Nonsteroidal anti-inflammatory drugs (NSAIDs) and immune-based treatments are often the cause of this. You can get ulcers in your gut from NSAIDs. Those medications can also make your small intestine narrower, which can lead to a blockage inside of it.

Infections, including bacteria like salmonella, can cause diarrhea, tummy pain, and other symptoms that look like from Crohn’s disease.

Show Sources


Crohn’s & Colitis Foundation: “Strictures,” “Intestinal ischemia,” “IBD Mimics: Most Common Conditions Misdiagnosed as IBD,” “Overview of Ulcerative Colitis,” “Signs and Symptoms of Crohn’s Disease,” “Overview of Crohn's Disease,” “Special IBD Diets.”

Mayo Clinic: “Diverticulitis,” “Solitary rectal ulcer syndrome,” “Common variable immunodeficiency,” “Sarcoidosis,” “Ischemic colitis,” “Behcet's disease,” “Vasculitis,” “Colon cancer,” “Celiac disease,” “Irritable bowel syndrome,” “Inflammatory bowel disease (IBD),” “Crohn's disease.”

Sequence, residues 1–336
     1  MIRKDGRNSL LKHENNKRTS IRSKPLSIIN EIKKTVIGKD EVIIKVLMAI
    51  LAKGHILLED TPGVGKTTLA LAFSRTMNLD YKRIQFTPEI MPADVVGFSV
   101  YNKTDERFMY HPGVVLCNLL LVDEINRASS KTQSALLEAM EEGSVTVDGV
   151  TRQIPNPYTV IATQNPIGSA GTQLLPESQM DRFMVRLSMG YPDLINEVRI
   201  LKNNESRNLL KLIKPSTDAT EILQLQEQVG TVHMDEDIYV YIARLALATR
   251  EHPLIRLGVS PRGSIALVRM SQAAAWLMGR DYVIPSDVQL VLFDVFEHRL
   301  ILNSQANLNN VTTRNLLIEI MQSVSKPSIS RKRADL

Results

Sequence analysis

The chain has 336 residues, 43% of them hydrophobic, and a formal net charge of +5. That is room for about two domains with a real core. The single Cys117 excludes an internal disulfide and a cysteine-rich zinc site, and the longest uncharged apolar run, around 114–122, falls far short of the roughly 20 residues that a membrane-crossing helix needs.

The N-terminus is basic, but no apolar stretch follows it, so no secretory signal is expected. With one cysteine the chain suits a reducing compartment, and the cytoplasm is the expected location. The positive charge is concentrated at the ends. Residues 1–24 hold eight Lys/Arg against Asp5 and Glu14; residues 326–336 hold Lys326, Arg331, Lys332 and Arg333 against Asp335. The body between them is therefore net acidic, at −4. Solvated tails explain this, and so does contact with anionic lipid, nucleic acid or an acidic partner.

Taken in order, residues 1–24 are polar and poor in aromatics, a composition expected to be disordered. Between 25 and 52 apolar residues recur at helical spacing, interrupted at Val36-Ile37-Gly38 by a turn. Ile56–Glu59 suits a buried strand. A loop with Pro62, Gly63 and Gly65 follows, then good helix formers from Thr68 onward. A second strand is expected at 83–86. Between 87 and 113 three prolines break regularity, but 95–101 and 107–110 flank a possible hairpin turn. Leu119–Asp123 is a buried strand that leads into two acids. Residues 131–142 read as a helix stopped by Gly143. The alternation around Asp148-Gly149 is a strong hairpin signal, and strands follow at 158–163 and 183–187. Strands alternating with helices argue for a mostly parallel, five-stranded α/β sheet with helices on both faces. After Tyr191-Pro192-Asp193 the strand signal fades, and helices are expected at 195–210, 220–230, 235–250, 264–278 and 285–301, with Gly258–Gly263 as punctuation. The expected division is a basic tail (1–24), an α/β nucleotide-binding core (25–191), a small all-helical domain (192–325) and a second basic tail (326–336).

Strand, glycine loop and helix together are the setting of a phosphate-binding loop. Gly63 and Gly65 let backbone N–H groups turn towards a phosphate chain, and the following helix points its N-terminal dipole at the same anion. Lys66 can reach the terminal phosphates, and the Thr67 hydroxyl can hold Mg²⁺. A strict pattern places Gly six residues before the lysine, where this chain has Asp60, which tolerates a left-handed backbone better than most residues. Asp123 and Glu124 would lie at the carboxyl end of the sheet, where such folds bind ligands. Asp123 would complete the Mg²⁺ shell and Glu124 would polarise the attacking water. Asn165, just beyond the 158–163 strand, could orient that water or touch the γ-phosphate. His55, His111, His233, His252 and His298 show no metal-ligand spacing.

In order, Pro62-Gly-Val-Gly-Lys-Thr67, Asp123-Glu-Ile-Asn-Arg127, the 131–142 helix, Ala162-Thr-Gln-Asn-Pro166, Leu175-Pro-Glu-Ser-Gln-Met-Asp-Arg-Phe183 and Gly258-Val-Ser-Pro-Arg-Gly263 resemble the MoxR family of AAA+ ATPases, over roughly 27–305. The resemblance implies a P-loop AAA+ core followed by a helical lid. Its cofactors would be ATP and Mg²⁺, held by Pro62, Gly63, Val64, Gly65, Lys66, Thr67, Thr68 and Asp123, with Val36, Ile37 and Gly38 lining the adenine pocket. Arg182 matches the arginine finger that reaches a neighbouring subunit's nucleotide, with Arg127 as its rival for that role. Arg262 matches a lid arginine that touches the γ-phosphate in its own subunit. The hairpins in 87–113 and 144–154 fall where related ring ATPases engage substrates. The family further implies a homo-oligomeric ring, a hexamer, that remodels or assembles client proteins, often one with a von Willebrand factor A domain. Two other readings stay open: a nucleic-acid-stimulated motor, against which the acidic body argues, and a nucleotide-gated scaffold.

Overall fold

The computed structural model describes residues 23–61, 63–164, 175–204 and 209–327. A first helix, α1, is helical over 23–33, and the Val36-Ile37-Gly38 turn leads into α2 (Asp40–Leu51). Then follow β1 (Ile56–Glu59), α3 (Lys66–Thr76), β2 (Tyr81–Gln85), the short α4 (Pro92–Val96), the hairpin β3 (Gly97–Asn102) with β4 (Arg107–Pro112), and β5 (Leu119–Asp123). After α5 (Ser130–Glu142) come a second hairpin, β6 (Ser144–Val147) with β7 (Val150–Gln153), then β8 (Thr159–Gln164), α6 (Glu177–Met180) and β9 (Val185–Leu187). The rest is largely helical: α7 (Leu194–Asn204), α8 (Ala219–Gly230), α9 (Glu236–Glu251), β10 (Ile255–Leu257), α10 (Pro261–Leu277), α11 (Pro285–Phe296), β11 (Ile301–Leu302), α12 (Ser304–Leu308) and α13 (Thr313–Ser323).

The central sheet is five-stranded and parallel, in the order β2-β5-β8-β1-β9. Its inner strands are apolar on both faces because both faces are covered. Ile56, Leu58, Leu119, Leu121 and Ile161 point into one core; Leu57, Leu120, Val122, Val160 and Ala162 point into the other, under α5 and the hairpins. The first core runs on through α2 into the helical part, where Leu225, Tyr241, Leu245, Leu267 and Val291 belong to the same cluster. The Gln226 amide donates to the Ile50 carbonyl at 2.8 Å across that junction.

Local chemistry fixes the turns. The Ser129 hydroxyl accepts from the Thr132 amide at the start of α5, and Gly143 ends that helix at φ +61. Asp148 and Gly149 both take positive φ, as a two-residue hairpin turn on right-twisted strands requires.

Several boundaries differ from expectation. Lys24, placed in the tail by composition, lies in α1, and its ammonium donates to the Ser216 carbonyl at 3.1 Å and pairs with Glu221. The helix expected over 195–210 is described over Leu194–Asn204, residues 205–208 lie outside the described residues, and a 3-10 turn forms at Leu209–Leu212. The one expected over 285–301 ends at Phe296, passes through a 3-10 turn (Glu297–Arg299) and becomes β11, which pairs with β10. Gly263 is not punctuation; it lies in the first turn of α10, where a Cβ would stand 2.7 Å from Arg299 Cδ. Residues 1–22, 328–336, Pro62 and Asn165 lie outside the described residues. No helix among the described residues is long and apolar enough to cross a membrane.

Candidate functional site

American Cancer Society: “What Is Colorectal Cancer?”

MedlinePlus: “Common variable immune deficiency.”

Cleveland Clinic: “Food Problems: Is it an Allergy or Intolerance.”

Merck Manual Consumer Version: “Rectum and Anus.”

Celiac Disease Foundation: “Dermatitis Herpetiformis,” “What is Celiac Disease?”

Genetic and Rare Diseases Information Center: “Microscopic polyangiitis,” “Granulomatosis with polyangiitis,” “Eosinophilic granulomatosis with polyangiitis,” “ANCA-associated vasculitis.”

University of North Carolina Kidney Center: “IgA Vasculitis (Formerly Henoch-Schönlein Purpura or HSP).”

New York University Langone Health: “Your Gut Feeling: A Healthier Digestive System Means a Healthier You.”

International Foundation for Gastrointestinal Disorders: “Introduction to IBS.”

World Journal of Gastroenterology: “Segmental colitis associated diverticulosis syndrome.”

Cedars Sinai: “Is It IBS or IBD?”